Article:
Thursday, November 20, 2008

Strange Brew, Girl What's Inside of You?

(h/t Ta-Nehisi)

This is a Great Atlantic article on so-called "extreme" beers. While not touching on home-brewing per se it contains much that should be useful and of interest to any homebrewer. Read the whole thing. Sample:
The tavern was a success from the day it opened. The beer took a little longer. Calagione had brewed fewer than ten batches before coming to Delaware, and he rarely used the same recipe twice. “I’d just grab herbs and spices and fruits from the kitchen and throw them in,” he says. “I used to think, Oh, it’s cool that every batch tastes different. It’s like snowflakes!” The pub’s brewing equipment consisted of three fifteen-gallon kegs on propane burners, and a rack of modified kegs for fermenting the beer. To keep up with demand, Calagione had to brew two or three times a day, every day; between shifts he slept on a mattress in the cellar. When the beer was ready, he and two employees would don ski goggles and green garbage bags and bottle the beer by hand, with a siphon and mechanical capper. In ten hours they could fill a hundred cases.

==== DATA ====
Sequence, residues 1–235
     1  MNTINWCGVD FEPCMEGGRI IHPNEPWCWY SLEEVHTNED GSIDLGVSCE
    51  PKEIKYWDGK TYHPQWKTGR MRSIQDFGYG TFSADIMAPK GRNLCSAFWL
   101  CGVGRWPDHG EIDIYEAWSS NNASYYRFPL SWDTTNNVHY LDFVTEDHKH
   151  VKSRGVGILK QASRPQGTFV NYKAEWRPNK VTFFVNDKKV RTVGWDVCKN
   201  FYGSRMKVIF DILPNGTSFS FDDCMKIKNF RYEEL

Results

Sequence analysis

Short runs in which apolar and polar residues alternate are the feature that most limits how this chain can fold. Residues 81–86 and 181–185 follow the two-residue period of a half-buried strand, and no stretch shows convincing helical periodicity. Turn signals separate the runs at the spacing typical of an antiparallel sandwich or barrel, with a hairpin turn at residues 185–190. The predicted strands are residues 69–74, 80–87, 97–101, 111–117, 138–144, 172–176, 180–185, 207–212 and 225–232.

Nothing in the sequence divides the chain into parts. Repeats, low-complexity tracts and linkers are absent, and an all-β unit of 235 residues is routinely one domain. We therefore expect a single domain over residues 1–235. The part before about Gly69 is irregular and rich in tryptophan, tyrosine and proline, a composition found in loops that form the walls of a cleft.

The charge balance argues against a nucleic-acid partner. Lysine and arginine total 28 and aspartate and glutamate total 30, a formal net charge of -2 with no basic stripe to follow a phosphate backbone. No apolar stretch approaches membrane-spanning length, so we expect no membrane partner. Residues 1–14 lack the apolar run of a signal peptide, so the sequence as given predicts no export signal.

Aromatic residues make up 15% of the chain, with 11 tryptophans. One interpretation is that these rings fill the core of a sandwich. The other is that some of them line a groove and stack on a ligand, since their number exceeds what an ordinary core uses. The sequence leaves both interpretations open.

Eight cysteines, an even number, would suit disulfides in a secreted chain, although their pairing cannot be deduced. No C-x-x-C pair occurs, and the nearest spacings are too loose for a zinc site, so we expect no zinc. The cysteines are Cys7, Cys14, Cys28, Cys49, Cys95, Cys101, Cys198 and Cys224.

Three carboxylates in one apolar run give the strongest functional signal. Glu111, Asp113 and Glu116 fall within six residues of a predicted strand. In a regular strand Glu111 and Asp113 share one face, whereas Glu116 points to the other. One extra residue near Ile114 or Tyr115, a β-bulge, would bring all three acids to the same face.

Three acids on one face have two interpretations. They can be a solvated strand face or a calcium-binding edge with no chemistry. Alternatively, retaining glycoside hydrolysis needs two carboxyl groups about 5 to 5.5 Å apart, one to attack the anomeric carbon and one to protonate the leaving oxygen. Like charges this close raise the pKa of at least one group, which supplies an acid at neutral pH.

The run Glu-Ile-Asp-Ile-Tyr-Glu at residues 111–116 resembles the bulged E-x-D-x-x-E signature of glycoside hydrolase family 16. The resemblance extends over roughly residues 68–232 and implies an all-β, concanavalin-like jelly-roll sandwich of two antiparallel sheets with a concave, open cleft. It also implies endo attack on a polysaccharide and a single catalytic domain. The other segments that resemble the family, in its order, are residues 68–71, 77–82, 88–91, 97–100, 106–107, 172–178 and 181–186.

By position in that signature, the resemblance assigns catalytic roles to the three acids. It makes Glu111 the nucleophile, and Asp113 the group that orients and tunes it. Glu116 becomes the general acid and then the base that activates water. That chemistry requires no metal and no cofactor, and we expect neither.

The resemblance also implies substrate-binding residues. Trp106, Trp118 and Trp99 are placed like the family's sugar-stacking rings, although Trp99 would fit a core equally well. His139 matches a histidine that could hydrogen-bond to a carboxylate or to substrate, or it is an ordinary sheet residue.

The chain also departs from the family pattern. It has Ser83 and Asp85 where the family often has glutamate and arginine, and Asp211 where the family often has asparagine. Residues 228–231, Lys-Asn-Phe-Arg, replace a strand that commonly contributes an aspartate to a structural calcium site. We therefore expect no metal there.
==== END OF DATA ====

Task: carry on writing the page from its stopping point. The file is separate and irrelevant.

“It was a hot ghetto mess,” Bryan Selders, Dogfish’s lead brewer, remembers. By the time Selders arrived, in 2002, Calagione had jury-rigged some larger kettles out of stainless-steel tanks from a yogurt factory. To reach the cooked barley, or mash, Selders had to climb onto a metal grate twelve feet high and straddle the edge of the boiling kettle—one foot on the grate, the other on the kettle’s lid. Once, during a morning production meeting, Selders fell in. “The lid just gave way,” he says. The mash in the kettle was hot—around a hundred and fifty degrees—but came only to the tops of his boots. “I went home, took a shower, watched a little Sally Jessy, and came back.”

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